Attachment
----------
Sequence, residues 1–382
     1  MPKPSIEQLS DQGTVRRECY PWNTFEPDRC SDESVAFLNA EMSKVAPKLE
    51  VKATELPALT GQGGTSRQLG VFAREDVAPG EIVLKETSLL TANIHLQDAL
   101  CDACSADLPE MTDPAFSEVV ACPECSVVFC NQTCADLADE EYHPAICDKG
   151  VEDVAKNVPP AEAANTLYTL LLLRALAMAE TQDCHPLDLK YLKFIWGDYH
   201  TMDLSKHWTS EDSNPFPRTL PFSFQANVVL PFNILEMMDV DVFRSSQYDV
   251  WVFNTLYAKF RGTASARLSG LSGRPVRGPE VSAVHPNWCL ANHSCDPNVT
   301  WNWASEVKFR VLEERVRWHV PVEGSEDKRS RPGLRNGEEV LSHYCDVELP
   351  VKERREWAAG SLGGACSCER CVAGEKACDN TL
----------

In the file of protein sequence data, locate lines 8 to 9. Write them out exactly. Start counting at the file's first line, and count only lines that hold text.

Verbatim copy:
   301  WNWASEVKFR VLEERVRWHV PVEGSEDKRS RPGLRNGEEV LSHYCDVELP
   351  VKERREWAAG SLGGACSCER CVAGEKACDN TL